DA turns down plea on video, will be tried on felony charges

September 4, 2021 GMT

COLUMBUS, Ga. (AP) — A Georgia district attorney remains headed to trial later this month on felony charges related to a campaign video even as three codefendants pleaded guilty Friday to misdemeanors.

Mark Jones, the district attorney for Muscogee and five surrounding counties, is charged with first-degree criminal damage, interfering with government property and conspiracy in connection with a May 2020 video for his election campaign. The video included stunt driving moves such as cars driving in doughnuts with smoking tires in the parking lot of the Columbus Civic Center.

The Ledger-Enquirer of Columbus reported that Christopher Black, Chris Garner and Jonathan Justo-Botello pleaded guilty to criminal trespass and laying drag, a Georgia crime that covers a range of illegal stunt driving offenses.

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A judge Friday refused to throw out the indictment against Jones and ruled against claims that Jones is a victim of selective or malicious prosecution. The trial is set to begin Sept. 13. Jones refused a plea offer similar to the co-defendants, and would be removed from office if convicted of a felony.

“There’s been no evidence that there’s been any sort of misbehavior,” Bibb County Superior Court Judge Jeffery Monroe ruled in response to Jones’ claims that he had been indicted for political reasons after defeating the incumbent district attorney.

The men were sentenced to 12 months probation, ordered to pay $504 in restitution and a $500 fine and serve 20 hours of community service. The three men were also banned from the civic center, a complex that includes playing fields, a football stadium, an arena, an ice rink and sprawling parking lots.

A fourth co-defendant, Erik Whittington, did not appear in court Friday.

Defense attorney Christopher Breault called the charges against Jones a “fake case.” He said plenty of other drivers have done stunts in the parking lot but Jones and the other co-defendants were targeted because Jones was on a path to winning the Democratic nomination for district attorney over incumbent Julia Slater. With no Republican in the race, the Democratic nominee was assured of victory.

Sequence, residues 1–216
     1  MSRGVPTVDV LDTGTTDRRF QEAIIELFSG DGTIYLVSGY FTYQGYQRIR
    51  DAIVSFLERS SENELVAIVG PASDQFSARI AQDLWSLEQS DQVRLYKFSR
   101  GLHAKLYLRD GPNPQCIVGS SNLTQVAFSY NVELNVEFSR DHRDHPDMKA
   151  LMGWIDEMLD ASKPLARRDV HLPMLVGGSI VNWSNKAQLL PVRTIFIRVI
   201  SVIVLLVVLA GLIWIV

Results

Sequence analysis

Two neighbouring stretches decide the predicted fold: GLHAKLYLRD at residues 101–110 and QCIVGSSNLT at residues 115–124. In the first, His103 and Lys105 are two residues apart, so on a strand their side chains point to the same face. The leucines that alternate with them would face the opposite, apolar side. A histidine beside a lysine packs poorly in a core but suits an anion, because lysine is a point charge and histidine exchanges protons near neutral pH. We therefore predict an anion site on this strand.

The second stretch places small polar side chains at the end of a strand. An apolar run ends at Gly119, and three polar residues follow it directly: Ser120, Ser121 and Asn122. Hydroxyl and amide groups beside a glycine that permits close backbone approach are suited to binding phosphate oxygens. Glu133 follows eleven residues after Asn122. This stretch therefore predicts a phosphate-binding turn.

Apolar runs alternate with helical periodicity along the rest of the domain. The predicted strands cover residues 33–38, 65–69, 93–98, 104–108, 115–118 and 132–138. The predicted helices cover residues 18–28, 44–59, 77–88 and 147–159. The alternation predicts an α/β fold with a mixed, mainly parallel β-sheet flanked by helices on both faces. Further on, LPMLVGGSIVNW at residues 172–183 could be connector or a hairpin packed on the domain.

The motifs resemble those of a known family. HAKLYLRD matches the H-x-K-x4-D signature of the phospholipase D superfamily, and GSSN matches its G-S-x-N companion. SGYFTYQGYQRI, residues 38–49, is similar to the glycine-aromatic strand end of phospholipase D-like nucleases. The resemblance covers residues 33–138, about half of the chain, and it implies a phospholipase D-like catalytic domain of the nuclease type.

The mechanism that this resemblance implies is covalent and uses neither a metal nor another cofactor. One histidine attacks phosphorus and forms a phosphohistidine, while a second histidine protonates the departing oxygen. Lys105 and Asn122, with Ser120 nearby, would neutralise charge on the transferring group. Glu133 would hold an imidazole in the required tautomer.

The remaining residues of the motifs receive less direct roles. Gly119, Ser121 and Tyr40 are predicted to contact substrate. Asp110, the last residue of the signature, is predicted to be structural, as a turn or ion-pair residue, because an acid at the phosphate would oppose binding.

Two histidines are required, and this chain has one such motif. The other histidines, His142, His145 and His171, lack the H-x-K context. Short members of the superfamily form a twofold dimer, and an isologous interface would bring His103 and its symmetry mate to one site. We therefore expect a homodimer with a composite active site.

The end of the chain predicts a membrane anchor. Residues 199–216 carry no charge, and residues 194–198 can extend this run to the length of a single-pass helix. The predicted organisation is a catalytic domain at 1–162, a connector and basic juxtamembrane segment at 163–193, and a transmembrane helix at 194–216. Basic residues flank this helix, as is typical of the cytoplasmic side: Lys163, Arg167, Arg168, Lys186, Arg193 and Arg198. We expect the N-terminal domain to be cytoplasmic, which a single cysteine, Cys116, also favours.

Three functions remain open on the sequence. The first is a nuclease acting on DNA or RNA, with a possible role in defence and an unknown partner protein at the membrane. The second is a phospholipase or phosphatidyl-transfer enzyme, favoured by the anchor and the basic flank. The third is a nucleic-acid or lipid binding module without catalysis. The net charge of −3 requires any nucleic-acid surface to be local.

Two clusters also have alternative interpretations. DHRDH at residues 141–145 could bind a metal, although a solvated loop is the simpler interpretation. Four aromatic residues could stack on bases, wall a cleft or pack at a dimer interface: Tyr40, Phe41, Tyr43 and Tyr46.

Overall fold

Breault also argued that damage to the parking lot was far less than the $300,000 cited by the city and that Jones didn’t directly ask the men to drive in doughnuts.

Witnesses called by Breault said Slater had nothing to do with Jones’ indictment, which was handled by a special prosecutor. Former Columbus Police Chief Ricky Boren said car enthusiasts have been allowed to use the parking lot, but that didn’t mean they were allowed to “damage the facility.” When events like this happened previously, Boren said officers would ask drivers to disperse and criminally charge them if damage occurred.

“Any damage to public property is a felony in the state of Georgia,” Boren said.

Garner and Justo-Botello testified that Jones did not direct them to cut doughnuts in the Civic Center parking lot for the campaign video, but added during cross-examination that Jones did not attempt to stop them from burning rubber.

Beyond Muscogee County, the circuit includes Harris, Chattahoochee, Marion, Talbot, and Taylor counties.

Breault said Jones refused the plea deal because “he believes it would be a bad example to other folks who are innocent to plead guilty to things like this.”